Readers of this series know it is about what causes the valuation of for-profit firms to increase. But in this wide-ranging article, I want to describe how business schools and the training of business managers and leaders is a key ingredient in our economy of helping to grow the valuation of for-profit firms. Without ‘good to great’ managers and leaders, who are allowed to actually practice their crafts inside of their firms, our system of free-market capitalism is at stake. Business schools’ role in the training of business managers and leaders has some room for improvement.
I will make some enemies with this article. Not by getting on a soapbox but by busting some myths that are out there, in my humble opinion of course. I may not have a complete set of solutions to offer, but I think I will have a different way to think about what business schools should be doing. And as I will also publish this article to my Linked In network who includes some of my graduated MBAs, I do not want to suggest to them that I think their degree is deficient in some manner. Current business schools do a pretty good job given the current paradigm of the mix of academic “research”, teaching, service and yes training. That some business school professors hate to think they “train”, this is part of the problem in my view. Current and graduated students are captives of this current paradigm, which can be and needs to be improved upon.
A few definitions: when I say academic research I mean research done by business school professors only. Research in medicine, physics, etc. is a different animal and is, from what I can tell, very worthy of the investment to do it. Also, by business education and training, I am referring to the graduate level, although some of the points could apply to undergraduate business school education and training as well. The MBA degree is the degree I will focus on.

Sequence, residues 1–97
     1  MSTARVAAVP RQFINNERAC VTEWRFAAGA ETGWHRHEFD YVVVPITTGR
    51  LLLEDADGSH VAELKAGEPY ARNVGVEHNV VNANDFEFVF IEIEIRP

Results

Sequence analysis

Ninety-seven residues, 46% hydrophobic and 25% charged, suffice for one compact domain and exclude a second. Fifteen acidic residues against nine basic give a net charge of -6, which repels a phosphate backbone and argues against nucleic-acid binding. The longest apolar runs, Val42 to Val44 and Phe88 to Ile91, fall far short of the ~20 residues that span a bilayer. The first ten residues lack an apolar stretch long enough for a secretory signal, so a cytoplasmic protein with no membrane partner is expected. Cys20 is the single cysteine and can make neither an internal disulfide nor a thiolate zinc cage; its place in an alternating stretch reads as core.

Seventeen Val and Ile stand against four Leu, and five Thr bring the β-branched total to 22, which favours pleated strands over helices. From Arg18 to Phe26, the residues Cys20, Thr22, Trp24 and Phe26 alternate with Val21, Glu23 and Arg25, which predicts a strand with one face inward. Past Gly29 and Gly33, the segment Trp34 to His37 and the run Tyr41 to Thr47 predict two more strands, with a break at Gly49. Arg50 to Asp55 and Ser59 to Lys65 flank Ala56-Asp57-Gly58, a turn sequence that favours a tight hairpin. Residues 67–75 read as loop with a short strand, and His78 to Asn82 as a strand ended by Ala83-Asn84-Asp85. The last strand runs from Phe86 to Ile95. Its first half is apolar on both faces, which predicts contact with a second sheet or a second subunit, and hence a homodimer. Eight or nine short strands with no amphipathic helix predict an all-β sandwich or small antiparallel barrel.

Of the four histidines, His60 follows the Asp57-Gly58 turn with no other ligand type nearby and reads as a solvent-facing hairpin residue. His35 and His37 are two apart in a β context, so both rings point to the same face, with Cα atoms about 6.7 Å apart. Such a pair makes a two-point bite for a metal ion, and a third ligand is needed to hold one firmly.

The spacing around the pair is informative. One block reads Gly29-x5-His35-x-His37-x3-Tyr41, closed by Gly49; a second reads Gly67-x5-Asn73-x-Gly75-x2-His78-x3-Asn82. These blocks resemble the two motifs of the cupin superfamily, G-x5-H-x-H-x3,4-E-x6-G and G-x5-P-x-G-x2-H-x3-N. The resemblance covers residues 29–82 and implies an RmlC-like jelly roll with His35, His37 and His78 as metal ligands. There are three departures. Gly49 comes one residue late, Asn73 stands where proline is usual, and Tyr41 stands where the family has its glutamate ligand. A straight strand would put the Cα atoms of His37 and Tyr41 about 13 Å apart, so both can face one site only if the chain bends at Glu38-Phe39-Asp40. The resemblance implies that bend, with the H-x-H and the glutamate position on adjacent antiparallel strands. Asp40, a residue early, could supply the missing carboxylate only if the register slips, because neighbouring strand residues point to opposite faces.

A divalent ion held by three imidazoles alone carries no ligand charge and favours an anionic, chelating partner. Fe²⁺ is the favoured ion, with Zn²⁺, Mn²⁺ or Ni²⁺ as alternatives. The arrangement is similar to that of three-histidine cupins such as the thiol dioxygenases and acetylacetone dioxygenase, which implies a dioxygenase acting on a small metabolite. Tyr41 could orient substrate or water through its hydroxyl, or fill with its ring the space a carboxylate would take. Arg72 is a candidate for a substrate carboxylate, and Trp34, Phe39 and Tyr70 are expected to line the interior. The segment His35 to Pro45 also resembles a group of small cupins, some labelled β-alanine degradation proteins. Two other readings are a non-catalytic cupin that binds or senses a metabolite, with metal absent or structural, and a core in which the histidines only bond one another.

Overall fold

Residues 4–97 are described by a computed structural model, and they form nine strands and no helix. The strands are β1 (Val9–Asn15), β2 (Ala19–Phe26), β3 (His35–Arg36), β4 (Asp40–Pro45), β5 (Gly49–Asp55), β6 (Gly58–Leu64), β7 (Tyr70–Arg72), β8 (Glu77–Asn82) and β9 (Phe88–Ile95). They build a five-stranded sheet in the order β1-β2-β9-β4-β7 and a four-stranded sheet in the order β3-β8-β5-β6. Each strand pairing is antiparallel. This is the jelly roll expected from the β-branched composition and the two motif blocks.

At the heart of the issues and myths I will discuss is the prior and current madness about “academic research” and how it is related to a faculty member’s overall performance. In my view, at least 95% of academic research by business professors is worthless to practicing managers and leaders. This is not a new assertion by any means. Others have penned this notion for years. When was the last time a manager or leader read an Academy of Management Journal or Strategic Management Journal article? Answer: probably never unless one was assigned, inappropriately in my view, in an MBA class. I can assure you its contents were promptly forgotten after the course was finished and certainly upon graduation.
Here is the reality: young Ph.D. candidates in “rigorous” business schools are inculcated with learning research methodology and a very esoteric language known pretty much to those Ph.D. students, their professors and other members of their respective “academies”. Academies are groups of professors in the various functional areas of business. There are academies of management, finance, marketing, supply chain and so on. This happened first about fifty years ago when business schools wanted to up their games and not be seen as trade schools. Here was the beginning of the problem. Business schools wanted to be seen as medical schools where rigorous research methods were applied to “inform” practitioners in a very sophisticated way. But something went terribly wrong. Instead of informing business managers and leaders with knowledge that would “save the patient”, all of the efforts went to produce a system where business academics only talked to each other for the most part. Crazy you might be thinking, but this is true to a large degree.